Perhaps menstruation isn’t the right word. Maybe “music to peri-menopause to” would be more suitable? At any rate, two new albums by Sarah McLachlan and Tori Amos came out in the last month. That sort of says it all. These two well-established female singer-songwriters have been going for the ovaries for 20 years now. Both produce a kind of chamber pop thick with emotive hooks, dense lyrics, and wistful yearning. In other words, their music is the perfect soundtrack to love’s critical beginnings and endings. Happier songs pair with those first exciting weeks and months of new relationships and despondent ones commiserate love’s end. The signature sound of both has its fans, often an overlapping group (you can sketch your own venn diagram if you confused).
Sarah McLachlan describes her new approach to songwriting as being more mindful. On CBC’s Q program and in other interviews, she talks about getting outside her comfort zone. Her new album Shine On shows that going outside her comfort zone and being more mindful essentially means doing more of the same. That’s daring in its own way, I guess. I couldn’t discern one Sarah McLachlan album from the next after Fumbling Towards Ecstasy. For those who love her, this is the same elegant tapestry of vocalizations and soft adult contemporary. Don’t get me wrong – it’s not bad. It’s just not anything new. Fans will probably attach to Monsters – seems like a rousing single for a woman who needs to roar after a man. “Think what your life would be missing if you didn’t have him to sing about.” Love Beside Me has a nice outro that’s jazzier yet still signature Sarah. Those needing a break up mantra will set Broken Heart on repeat – “I should be thinking with my head not with my broken heart.” I’ve heard the first single In Your Shoes a few times and personally can’t stomach it “You turn the radio on and play your favorite song and cry.” Sorry, Sarah. I’m just not moist enough for this to be my power ballad. Anyway, if Sarah really wants to get outside her comfort zone, maybe she should try some African beats or something that no longer sounds like it was gestated in the womb of Lillith Fair.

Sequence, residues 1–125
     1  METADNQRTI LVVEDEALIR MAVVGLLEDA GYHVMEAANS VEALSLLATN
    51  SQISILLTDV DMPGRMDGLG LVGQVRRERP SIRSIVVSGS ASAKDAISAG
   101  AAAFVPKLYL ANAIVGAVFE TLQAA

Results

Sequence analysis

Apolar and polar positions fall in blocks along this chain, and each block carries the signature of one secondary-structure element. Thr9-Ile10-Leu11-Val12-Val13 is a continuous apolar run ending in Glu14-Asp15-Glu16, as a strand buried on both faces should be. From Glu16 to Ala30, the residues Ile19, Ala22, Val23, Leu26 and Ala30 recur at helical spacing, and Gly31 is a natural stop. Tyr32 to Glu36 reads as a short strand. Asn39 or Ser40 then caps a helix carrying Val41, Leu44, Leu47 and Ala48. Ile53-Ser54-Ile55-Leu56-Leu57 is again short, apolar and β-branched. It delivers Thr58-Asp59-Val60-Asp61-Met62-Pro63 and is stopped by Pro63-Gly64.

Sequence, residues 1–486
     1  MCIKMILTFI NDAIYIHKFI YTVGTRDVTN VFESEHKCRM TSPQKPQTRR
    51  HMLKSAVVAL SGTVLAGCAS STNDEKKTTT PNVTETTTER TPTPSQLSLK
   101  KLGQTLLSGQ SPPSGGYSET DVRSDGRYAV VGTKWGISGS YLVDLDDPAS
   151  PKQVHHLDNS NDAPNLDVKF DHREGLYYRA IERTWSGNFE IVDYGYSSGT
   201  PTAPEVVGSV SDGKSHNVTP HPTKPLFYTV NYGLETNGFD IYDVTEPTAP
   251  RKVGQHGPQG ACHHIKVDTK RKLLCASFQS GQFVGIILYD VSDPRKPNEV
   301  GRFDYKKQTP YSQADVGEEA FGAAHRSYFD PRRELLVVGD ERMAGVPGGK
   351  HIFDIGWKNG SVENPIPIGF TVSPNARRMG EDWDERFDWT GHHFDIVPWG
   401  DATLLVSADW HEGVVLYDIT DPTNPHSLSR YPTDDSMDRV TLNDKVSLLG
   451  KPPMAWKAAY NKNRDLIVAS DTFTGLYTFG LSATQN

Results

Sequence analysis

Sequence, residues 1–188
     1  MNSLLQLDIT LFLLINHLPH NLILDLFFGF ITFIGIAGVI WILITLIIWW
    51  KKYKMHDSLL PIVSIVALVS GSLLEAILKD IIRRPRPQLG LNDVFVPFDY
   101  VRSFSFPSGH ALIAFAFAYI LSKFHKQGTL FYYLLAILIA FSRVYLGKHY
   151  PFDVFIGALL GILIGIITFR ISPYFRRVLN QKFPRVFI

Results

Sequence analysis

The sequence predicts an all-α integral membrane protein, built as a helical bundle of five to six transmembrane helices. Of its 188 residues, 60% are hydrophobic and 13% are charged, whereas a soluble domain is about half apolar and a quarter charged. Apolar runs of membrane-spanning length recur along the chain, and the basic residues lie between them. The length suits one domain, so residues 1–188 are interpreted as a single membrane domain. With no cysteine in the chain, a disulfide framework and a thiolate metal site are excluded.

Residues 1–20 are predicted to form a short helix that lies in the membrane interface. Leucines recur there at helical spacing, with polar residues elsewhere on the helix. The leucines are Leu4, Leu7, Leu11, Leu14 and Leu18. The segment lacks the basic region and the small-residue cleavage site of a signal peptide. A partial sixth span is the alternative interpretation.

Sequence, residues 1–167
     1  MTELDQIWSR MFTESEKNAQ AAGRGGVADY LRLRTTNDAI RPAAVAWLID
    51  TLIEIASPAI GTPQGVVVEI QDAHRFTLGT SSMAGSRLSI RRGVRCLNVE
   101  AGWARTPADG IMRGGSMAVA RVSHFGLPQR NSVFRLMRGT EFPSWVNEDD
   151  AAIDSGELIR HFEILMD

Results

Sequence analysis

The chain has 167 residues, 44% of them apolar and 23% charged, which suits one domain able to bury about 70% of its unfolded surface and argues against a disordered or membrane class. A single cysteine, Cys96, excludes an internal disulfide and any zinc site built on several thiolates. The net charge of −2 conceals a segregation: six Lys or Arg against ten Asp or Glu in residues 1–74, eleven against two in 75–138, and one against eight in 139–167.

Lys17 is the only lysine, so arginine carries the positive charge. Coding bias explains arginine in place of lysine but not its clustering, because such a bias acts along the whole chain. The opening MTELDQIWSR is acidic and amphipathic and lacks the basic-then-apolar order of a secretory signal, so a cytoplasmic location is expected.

From the music-as-psychotherapy files, Tori Amos brings Unrepetant Geraldines. Amos has been angry at a lot of things for over 20 years of songwriting, and this time her laser focus goes to aging, the government, and the music industry. I was surprised to connect with Amos’ album far better than McLachlan, but I like things edgier and this is the best Tori Amos has put out in ages. Typical of Amos, some of the songs absolutely grate, but others are quite good and are inspiring in their speak truth to power sort of way. I also forgot just how much I like Amos’ piano. She is neither dull nor formulaic. Classical training comes through and Amos finds a way to break almost every song with something unexpected, usually in the coda. Amos’ key-pounding style is there, but she brings in some pleasant country riffs, celtic nods, and even rockier beats. Then again, others are straight up ovary beaters. “I hate you,” Amos croons in Wild West. “Back when my heart was not so easy to invade.” The song everyone will talk about, if only for its close titling to 50 Shades of Grey, is 16 Shades of Blue. This cringer focuses on the plight of the working woman vs. the ticking of the clock. A cast-iron-skillet-to-the-gonads feminist manifesto. Well, good on Amos for keeping her fires burning and continuing to stand up for issues.